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Air Force’s unmanned, reusable space plane, landed at NASA’s Kennedy Space Center

Air Force’s unmanned, reusable space plane landed at NASA’s Kennedy Space Center after conducting on-orbit experiments for o nearly two years. The X-37B is the newest and most advanced re-entry spacecraft and it’s surrounded by secrecy.

The X-37B Orbital Test Vehicle mission 4, the Air Force’s unmanned, reusable space plane, landed at NASA’s Kennedy Space Center Shuttle Landing Facility on Sunday. Video posted by the US Air Force shows the vehicle approaching the runway and landing. Crew in protective suites were seen approaching the spacecraft.

“Today marks an incredibly exciting day for the 45th Space Wing as we continue to break barriers,” said Brig. Gen. Wayne Monteith, the 45th SW commander. “Our team has been preparing for this event for several years, and I am extremely proud to see our hard work and dedication culminate in today’s safe and successful landing of the X-37B.”


This was the X-37B’s fourth mission as it conducted on-orbit experiments for 718 days, extending the total number of days spent on-orbit for the OTV program to 2,085 days.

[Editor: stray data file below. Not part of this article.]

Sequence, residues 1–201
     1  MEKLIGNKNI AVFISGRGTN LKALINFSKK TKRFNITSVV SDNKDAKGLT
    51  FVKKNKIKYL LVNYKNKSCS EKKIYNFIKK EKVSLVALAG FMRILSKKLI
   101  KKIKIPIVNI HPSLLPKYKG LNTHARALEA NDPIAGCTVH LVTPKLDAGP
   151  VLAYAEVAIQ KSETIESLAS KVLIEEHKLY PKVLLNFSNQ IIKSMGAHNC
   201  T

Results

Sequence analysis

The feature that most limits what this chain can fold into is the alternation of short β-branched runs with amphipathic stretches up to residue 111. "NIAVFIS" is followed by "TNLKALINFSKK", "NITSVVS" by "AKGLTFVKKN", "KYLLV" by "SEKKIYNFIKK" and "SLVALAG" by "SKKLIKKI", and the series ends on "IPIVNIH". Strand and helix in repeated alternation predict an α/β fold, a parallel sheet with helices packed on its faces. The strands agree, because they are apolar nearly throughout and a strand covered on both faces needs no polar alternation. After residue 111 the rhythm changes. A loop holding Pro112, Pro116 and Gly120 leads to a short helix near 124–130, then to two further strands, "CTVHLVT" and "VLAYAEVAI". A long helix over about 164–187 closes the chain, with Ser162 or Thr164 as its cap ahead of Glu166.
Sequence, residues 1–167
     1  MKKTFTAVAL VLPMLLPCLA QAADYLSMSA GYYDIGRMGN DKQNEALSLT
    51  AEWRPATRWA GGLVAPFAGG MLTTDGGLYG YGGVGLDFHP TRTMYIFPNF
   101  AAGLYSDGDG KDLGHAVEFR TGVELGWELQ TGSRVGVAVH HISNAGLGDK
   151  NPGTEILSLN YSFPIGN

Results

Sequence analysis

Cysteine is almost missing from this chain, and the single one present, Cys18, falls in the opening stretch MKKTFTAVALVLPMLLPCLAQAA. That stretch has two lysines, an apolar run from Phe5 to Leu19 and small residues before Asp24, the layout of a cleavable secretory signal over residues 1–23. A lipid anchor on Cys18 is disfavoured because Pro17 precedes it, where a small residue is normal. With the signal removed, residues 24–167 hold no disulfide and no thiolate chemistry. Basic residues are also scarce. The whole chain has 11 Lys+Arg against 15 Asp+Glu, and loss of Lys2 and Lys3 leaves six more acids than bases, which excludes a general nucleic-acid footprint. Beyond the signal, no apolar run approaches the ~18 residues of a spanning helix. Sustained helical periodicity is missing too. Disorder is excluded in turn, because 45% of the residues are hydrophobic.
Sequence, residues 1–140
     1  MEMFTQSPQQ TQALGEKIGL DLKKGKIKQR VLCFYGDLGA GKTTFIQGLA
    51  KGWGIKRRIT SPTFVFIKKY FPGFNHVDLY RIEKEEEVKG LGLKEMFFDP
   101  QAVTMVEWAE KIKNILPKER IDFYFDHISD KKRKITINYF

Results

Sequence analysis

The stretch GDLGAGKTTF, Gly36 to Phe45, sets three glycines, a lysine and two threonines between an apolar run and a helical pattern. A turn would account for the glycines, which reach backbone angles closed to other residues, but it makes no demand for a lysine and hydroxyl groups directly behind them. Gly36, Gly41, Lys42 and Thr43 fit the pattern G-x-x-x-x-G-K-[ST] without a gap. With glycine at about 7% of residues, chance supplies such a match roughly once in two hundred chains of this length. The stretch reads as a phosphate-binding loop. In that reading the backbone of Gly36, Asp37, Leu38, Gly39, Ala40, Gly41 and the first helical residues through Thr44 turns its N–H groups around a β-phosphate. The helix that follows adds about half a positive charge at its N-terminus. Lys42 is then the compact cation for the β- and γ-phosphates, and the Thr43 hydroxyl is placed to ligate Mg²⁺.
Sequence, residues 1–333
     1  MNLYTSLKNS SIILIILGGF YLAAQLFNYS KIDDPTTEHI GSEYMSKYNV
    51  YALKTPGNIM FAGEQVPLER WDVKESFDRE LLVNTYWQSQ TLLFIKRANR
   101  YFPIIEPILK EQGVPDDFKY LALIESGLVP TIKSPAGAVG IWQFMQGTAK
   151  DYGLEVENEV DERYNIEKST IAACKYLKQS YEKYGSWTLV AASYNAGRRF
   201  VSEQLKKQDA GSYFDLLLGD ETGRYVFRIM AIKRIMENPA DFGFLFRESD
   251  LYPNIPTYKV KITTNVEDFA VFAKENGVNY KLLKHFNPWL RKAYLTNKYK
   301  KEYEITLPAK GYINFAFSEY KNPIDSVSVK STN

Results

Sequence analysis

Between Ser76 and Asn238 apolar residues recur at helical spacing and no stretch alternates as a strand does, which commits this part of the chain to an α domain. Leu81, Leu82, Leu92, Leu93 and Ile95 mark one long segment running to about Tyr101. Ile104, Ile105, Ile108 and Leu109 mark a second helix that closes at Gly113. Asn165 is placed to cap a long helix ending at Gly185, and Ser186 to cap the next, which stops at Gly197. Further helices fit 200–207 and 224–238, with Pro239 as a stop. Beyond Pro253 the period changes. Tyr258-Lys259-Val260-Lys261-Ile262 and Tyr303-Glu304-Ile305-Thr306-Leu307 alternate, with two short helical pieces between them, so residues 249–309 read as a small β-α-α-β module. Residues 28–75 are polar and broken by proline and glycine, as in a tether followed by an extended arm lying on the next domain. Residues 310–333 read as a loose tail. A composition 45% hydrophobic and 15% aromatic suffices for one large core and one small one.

“The landing of OTV-4 marks another success for the X-37B program and the nation,” said Lt. Col. Ron Fehlen, X-37B program manager. “This mission once again set an on-orbit endurance record and marks the vehicle’s first landing in the state of Florida. We are incredibly pleased with the performance of the space vehicle and are excited about the data gathered to support the scientific and space communities. We are extremely proud of the dedication and hard work of the entire team.”

The X-37B is the newest and most advanced re-entry spacecraft. The program performs risk reduction, experimentation and concept of operations development for reusable space vehicle technologies but the details and the costs have been classified.

“The ability to land, refurbish, and launch from the same location further enhances the OTV’s ability to rapidly integrate and qualify new space technologies,” said Randy Walden, the director of the Air Force Rapid Capabilities Office which manages the X-37B program.

The secrecy surrounding the program has lead to speculation about the real goal of the mission with the Secure World Foundation, an NGO promoting the peaceful exploration of space stating that the spacecraft’s load could include various sensors used for intelligence collection of the Earth from space.

Us airforce's mysterious spacecraft
source: US Air Forces

Florida residents could here the sonic boom as the spacecraft neared the runway . According to the US Air Force, the next mission is programed for late this year when the spacecraft will be launched from Cape Canaveral.


Sylvia Jacob